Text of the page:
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Gwyther Rees


Gwyther Rees joined UNICEF Office of Research – Innocenti in October 2017. He is working on the Report Card series on child well-being in rich countries. Gwyther is also currently an Associate Research Fellow at the University of York where he is Research Director for Children’s Worlds ¬– an international survey of children’s lives and well-being. He has a PhD (Social Sciences) from Cardiff University. Prior to his current roles, Gwyther was Research Director at The Children’s Society – an NGO in England – where his research focused on child protection and children’s subjective well-being
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In the world’s richest countries, some children do worse at school than others because of circumstances beyond their control, such as where they were born, the language they speak or their parents’ occupations. These children enter the education system at a disadvantage and can drop further behind if educational policies and practices reinforce, rather than reduce, the gap between them and their peers. These types of inequality are unjust. Not all children have an equal opportunity to reach their full potential, to pursue their interests and to develop their talents and skills. This has social and economic costs. This report focuses on educational inequalities in 41 of the world’s richest countries, all of which are members of the Organisation for Economic Co-operation and Development (OECD) and/or the European Union (EU). Using the most recent data available, it examines inequalities across childhood – from access to preschool to expectations of post-secondary education – and explores in depth the relationships between educational inequality and factors such as parents’ occupations, migration background, the child’s gender and school characteristics. The key feature of the report is the league table, which summarizes the extent of educational inequalities at preschool, primary school and secondary school levels. The indicator of inequality at the preschool level is the percentage of students enrolled in organized learning one year before the official age of primary school entry. The indicator for both primary school (Grade 4, around age 10) and secondary school (age 15) is the gap in reading scores between the lowest- and highest-performing students.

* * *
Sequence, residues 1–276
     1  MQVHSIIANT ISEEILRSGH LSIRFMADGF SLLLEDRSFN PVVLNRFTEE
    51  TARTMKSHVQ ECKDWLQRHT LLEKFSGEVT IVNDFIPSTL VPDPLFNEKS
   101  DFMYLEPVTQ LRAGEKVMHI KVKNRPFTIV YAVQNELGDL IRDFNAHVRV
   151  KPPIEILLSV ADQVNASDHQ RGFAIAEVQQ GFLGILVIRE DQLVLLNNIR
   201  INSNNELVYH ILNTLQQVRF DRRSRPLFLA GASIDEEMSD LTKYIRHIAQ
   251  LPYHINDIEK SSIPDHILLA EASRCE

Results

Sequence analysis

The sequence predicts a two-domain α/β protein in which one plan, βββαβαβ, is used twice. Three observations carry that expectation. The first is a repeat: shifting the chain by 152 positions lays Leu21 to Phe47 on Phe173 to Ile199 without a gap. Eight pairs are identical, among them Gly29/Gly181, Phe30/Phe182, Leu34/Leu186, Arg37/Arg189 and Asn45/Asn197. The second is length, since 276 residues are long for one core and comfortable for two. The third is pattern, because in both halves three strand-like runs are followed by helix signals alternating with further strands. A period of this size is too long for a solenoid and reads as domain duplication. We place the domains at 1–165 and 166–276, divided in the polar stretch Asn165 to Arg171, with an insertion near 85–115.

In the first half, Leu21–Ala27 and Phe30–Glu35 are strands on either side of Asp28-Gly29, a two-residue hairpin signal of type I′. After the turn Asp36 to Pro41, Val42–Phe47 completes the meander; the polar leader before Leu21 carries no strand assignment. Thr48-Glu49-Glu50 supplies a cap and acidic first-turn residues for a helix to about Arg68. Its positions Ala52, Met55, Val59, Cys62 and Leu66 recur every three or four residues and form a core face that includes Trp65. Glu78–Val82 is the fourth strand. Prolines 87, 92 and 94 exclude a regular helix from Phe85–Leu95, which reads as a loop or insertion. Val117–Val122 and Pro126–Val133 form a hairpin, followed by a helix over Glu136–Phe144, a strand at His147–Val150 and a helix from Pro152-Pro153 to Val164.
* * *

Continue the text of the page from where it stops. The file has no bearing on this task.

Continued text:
Yekaterina Chzhen; Anna Gromada; Gwyther Rees; Jose Cuesta; Zlata Bruckauf

There is growing recognition among international organizations, scholars and policymakers that education systems must produce equitable outcomes, but there is far less consensus on what this means in practice. This paper analyses differences in inequality of outcome and inequality of opportunity in educational achievement among primary and secondary schoolchildren across 38 countries of the European Union (EU) and/or the Organisation for Economic Co-operation and Development (OECD). The analysis focuses on reading achievement, drawing on data from the Progress in International Reading Literacy Study (PIRLS) and the Programme for International Student Assessment (PISA). We use several measures to operationalize the two concepts of inequality in education. Our results show that inequality of outcome does not necessarily go hand in hand with inequality of opportunity. These two concepts lead to measures that produce very different country rankings. We argue that information on both inequality of outcome and inequality of opportunity is necessary for a better understanding of equity in children’s education.


Anna Gromada; Gwyther Rees; Yekaterina Chzhen; Jose Cuesta; Zlata Bruckhauf


Uncovering An #UnfairStart: An Interview with UNICEF Report Card 15 authors on Education Inequality

Uncovering An #UnfairStart: An Interview with UNICEF Report Card 15 authors on Education Inequality


Children in high income countries

In-depth analysis of the latest comparable data on the well-being of children in high income countries.